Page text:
Inside Nanotech Lab, Cancer Is The Target
by Alex Halperin | Mar 8, 2010 12:30 pm
Posted to: Nanotech, Science/ Medical
Ithaca, N.Y.— Michael King is going to trick the cancer cells into showing him how they work.
An associate professor at Cornell, King heads a lab focused on cell adhesion. He is one of a group of scientists across the country who are using nanotechnology, the manipulation of particles as small as molecules, to investigate how and why cancer cells in the bloodstream adhere to blood vessel walls.
While the phenomenon may sound highly specific, King’s quest tackles a broader question about the process by which cancers – especially the breast and prostate varieties – can metastasize. In order for many tumors to form, a cancer cell has to attach itself to the wall of a blood vessel, where it will escape the bloodstream to feed and grow.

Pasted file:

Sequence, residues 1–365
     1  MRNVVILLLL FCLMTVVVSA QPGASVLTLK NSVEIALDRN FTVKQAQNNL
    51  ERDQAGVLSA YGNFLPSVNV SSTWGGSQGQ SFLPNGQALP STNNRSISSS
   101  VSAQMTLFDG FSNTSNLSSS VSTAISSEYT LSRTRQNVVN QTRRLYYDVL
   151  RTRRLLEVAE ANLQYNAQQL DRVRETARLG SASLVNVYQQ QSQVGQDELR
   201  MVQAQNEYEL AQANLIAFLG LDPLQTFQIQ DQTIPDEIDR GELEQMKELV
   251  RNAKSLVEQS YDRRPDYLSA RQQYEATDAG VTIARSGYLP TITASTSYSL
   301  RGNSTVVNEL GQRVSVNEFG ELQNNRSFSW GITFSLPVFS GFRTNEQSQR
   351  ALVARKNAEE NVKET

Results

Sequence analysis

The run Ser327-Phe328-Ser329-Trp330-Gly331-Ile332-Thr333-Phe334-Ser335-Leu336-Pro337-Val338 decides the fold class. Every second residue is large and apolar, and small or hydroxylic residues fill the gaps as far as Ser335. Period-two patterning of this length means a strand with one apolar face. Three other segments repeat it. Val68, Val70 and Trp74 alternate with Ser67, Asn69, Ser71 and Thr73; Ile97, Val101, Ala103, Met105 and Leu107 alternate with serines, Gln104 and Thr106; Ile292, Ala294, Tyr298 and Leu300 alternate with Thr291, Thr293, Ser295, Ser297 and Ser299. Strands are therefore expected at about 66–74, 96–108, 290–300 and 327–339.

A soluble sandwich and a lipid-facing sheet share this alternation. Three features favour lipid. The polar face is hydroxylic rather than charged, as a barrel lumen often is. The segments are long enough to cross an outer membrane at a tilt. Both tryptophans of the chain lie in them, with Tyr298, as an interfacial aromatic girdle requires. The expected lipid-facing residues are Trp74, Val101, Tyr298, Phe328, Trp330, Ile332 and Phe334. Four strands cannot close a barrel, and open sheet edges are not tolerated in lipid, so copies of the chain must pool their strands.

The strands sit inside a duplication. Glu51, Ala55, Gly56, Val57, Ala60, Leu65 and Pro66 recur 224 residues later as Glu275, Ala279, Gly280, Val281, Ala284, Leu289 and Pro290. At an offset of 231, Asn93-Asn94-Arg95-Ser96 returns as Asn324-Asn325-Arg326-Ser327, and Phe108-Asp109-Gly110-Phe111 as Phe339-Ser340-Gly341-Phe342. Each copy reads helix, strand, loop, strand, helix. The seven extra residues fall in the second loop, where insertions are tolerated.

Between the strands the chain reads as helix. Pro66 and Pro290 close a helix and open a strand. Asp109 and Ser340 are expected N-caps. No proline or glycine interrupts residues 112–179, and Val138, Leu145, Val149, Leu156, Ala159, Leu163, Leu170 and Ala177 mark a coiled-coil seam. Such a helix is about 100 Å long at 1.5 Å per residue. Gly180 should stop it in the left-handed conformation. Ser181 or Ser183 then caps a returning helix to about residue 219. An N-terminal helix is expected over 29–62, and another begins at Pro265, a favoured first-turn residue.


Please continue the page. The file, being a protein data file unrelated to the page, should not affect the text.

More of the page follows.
Floating through veins and arteries, the cells won’t be nourished and will eventually die. It’s a simple enough idea, but the process is complicated by invisible biological material too little understood.
“What are the important proteins?” King asks. “How does it depend on things like the blood flow and the concentration of cells?”
To investigate these questions, his lab grows cancer cells and runs them through thin plastic tubes at the same speed as blood running through blood vessels. To more closely resemble the inner surface of a blood vessel, King coats them with nanoparticles to better replicate the actual tissue.
When materials are the size of atoms they often display remarkable characteristics like solubility, strength and conductivity that make them compelling to a broad array of scientists and industries. In King’s lab nano-sized materials are used to simulate the inside of the body in experiments and as a method for delivering genetic material to cells.